The laminated object manufacturing (LOM ) process from Helisys, Inc. ( Torrance, CA ) uses solid sheet materials, most typically bleached “butcher” paper to create prototype parts. In this process, the LOM machine automatically positions a thin sheet of material from a roll onto an elevator platform.

Fused Deposition Modeling

Fused deposition modeling (FDM) is a technology that uses the melt extrusion method to deposit filaments of thermal plastics in a specific pattern. FDM, like 3DP, has a printhead that can move along X and Y axes above a build platform.

Fused Deposition Modeling ( FDM ) is the name of the technology used by Commercial Rapid Prototyping (RP ) systems from stratasys, Inc. ( Minneapolis, MN ). The stratasys systems are primarily targeted for product development terms for use during the conceptual design stage. The system utilizes simple operation. Inert materials and lack of fumes make the FDM process quite compatible with an office environment.

3. Powder Based Rapid Prototyping Technologies

In this categories, three Rapid Prototyping methods will be discussed:

  1. Selective laser sintering
  2. Three dimensional printing and
  3. Laser engineered net shaping

Selective Laser Sintering

The Selective Laser Sintering (SLS ) system from DTM corporation (Austin, Texas ) builds part layer by layer using a laser to bond powdered material into the desired part shape. In this process, a layer of thermoplastic powder is a spread out. Then using a high power laser beam, the portion needed for the model is melted and cooled. A roller then spreads the next layer and the process is repeated.

The uncentered Powder serves the function of supports for overhanging features. Recently, the process has been extended to produce ceramic and metallic parts. The process requires sintering in a furnace for complete bonding. The process is simple. The range of material is broad. The visual limitation is that the parts are porous and are therefore useful for only a specific Applications.

Three Dimensional Printing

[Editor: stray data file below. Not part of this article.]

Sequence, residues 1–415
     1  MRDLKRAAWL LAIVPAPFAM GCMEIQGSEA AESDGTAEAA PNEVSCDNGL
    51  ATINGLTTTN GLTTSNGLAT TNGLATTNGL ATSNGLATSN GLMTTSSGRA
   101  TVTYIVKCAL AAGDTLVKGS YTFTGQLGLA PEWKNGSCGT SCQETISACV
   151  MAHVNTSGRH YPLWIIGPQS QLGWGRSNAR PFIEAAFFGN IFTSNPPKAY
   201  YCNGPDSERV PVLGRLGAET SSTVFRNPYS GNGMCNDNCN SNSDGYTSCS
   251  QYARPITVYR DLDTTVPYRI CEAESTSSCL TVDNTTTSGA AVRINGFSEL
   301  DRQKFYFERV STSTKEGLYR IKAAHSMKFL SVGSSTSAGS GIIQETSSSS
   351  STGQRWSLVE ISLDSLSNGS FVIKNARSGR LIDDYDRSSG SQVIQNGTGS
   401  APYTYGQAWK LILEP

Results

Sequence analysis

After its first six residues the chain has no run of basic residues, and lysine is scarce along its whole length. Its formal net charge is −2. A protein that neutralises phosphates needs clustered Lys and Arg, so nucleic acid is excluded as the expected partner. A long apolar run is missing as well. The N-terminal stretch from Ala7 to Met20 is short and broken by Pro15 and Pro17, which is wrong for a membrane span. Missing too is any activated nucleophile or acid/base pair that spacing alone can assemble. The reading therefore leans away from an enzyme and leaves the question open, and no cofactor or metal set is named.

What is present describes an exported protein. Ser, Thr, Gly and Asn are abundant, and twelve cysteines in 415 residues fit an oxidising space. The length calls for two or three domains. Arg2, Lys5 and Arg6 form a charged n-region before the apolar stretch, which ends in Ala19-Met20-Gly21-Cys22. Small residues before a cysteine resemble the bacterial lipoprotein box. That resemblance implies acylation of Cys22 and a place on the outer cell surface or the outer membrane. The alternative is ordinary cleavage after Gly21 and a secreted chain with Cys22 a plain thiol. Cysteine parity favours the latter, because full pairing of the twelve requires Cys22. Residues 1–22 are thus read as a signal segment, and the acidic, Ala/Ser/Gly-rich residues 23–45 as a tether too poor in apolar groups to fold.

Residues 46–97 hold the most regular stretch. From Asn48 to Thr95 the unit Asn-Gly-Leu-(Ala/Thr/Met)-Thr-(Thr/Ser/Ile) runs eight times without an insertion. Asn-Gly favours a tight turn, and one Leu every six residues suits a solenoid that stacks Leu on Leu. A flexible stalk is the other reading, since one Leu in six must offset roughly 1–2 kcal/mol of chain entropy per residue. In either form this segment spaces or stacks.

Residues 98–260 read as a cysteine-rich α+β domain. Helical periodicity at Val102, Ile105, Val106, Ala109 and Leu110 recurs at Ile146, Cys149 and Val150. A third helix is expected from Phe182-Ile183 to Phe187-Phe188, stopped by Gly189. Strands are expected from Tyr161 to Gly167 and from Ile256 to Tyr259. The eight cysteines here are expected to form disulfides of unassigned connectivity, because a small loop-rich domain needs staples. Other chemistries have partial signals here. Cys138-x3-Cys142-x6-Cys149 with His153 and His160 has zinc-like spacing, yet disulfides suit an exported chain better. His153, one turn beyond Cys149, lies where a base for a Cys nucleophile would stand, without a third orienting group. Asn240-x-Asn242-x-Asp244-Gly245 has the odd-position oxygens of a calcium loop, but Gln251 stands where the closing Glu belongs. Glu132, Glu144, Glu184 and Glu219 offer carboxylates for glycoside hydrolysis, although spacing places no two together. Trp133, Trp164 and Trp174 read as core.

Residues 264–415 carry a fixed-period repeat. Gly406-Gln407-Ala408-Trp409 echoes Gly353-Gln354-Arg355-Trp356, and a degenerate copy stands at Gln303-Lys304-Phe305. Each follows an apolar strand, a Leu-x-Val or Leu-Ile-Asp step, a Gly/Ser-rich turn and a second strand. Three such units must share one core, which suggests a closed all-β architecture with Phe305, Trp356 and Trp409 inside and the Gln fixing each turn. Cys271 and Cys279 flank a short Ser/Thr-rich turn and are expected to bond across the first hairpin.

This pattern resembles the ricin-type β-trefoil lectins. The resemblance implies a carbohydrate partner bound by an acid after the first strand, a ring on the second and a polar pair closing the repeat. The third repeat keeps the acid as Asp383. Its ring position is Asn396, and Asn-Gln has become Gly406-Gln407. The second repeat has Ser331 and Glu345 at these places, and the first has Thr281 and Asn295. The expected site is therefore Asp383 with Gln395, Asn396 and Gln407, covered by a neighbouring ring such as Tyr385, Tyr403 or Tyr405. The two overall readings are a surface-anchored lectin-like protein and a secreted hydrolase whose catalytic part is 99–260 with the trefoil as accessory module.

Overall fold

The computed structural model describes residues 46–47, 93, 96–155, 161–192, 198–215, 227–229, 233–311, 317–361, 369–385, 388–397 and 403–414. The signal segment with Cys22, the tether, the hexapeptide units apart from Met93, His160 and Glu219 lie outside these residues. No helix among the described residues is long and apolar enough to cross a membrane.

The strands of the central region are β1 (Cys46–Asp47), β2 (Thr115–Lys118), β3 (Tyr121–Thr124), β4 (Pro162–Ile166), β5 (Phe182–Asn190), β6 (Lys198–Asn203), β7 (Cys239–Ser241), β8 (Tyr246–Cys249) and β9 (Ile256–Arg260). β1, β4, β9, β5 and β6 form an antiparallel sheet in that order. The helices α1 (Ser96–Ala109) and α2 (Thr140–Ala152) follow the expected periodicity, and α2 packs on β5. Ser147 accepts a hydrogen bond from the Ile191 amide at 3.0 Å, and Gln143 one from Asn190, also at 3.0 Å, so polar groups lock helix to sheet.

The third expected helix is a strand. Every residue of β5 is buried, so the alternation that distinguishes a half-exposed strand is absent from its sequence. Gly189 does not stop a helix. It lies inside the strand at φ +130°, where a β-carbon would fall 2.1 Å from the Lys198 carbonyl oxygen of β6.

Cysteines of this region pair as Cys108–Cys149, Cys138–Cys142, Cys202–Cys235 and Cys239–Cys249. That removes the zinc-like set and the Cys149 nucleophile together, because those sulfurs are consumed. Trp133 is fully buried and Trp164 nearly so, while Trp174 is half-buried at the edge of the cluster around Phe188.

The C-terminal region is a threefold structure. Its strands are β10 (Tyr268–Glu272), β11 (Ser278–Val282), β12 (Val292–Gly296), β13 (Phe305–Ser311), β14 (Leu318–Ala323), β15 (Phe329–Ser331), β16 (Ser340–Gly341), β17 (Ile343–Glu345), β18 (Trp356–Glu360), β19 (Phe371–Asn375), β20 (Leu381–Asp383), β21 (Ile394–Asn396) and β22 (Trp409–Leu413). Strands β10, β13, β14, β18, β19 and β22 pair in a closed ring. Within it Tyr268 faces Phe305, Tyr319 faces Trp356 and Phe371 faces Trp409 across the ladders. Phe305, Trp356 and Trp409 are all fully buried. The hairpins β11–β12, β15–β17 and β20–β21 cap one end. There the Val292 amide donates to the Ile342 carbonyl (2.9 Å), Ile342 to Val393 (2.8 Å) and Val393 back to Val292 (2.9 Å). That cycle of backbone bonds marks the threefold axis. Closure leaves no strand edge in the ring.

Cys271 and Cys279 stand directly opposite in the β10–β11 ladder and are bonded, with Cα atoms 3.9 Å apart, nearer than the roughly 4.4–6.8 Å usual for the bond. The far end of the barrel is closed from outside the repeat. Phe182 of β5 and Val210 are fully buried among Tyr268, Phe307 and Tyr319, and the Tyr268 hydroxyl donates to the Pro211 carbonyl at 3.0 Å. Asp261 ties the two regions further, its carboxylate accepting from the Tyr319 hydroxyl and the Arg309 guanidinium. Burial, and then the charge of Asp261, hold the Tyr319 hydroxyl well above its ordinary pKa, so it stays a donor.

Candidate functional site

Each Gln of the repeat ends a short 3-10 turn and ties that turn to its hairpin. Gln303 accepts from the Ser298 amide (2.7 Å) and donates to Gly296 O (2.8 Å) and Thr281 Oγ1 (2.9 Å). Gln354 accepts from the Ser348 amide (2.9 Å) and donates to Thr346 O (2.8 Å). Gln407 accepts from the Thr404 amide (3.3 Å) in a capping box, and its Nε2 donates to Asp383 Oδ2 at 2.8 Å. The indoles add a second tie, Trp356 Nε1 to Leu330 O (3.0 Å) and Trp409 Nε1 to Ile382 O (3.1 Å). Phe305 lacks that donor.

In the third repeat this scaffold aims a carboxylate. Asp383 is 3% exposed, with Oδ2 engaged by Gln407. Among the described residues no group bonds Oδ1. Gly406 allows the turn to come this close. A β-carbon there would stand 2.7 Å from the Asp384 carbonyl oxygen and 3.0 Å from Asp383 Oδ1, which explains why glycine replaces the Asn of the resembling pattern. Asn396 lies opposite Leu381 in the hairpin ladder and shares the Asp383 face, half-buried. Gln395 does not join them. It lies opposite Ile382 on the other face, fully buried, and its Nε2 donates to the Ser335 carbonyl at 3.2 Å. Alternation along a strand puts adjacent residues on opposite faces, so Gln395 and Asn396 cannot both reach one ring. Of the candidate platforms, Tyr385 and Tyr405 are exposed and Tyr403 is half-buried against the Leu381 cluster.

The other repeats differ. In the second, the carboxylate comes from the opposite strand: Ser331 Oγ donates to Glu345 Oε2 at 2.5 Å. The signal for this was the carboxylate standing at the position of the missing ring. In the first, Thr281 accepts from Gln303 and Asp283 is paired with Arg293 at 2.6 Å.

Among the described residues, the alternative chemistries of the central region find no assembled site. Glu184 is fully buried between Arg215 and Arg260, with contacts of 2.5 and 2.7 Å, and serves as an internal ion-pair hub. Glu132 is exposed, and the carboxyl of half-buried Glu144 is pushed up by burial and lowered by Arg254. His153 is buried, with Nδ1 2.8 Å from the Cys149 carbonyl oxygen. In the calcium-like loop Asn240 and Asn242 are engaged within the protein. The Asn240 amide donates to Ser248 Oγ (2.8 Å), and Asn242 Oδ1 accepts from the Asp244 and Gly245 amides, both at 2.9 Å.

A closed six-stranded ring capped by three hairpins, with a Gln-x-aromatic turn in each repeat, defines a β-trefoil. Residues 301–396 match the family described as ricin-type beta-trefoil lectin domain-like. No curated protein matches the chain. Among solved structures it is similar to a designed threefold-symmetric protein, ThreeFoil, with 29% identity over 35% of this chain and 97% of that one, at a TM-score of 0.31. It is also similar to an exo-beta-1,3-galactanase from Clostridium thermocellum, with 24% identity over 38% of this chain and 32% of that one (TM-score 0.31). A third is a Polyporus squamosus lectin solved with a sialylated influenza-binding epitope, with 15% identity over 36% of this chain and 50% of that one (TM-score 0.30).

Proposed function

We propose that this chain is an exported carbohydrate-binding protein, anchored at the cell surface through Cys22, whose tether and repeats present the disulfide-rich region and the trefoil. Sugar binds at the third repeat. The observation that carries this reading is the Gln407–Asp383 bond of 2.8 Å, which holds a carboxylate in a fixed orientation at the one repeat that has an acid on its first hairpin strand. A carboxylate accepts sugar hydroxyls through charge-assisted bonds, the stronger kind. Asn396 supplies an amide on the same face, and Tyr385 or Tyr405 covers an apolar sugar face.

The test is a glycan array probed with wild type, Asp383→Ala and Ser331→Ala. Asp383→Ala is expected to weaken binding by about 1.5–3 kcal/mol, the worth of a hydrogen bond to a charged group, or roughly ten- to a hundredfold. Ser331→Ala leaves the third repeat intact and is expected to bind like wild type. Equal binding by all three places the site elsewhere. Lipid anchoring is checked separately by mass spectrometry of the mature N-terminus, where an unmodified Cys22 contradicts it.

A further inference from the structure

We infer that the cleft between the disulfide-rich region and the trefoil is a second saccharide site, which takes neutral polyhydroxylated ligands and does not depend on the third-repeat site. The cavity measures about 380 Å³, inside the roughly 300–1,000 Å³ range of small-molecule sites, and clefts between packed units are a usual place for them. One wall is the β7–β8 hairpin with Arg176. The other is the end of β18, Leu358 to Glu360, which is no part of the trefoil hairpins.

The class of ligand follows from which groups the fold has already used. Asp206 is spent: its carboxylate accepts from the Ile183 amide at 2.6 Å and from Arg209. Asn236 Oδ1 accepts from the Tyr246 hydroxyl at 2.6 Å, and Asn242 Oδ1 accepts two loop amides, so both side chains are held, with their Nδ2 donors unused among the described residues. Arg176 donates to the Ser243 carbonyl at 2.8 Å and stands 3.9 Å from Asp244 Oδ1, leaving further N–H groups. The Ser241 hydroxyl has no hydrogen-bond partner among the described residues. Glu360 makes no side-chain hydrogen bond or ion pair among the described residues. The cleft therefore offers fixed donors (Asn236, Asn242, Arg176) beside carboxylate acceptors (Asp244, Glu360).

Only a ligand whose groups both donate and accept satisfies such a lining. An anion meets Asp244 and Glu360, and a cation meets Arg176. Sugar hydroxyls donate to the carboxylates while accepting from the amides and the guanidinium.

In this process, a three dimensional object is fabricated by selectively applying binder to thin layers of powder, causing particles of powder to stick together. Each layer is formed by generating a thin coating of powder and then applying binder to it with the ink-jet like mechanism. Layers are formed sequentially and adhere to one another to generate the three dimensional object.

Unwanted droplets of binder are skimmed before reaching the powder by electrically changing them at the nozzle and then deflecting them from the stream by applying a potential to the electrodes located below the nozzle. After all later are formed, the unbonded powder is removed and the part is fired in an oven to cure and strengthen.

This process can be used to fabricate parts in a wide variety of materials, including ceramic, metal, metal- ceramic composite and polymers. The limitations is inadequate surface finish and porosity.

Laser engineered Net shaping

The strength of these technologies lies in the ability to fabricate fully dense metal parts with good metallurgical properties at reasonable speeds. A high power laser is used to melt metal powder supplied coaxially to the focus of the laser beam through a deposition head. A variety of materials can be used such as stainless steel, copper, aluminum etc. Of particular interest are reactive materials such as titanium.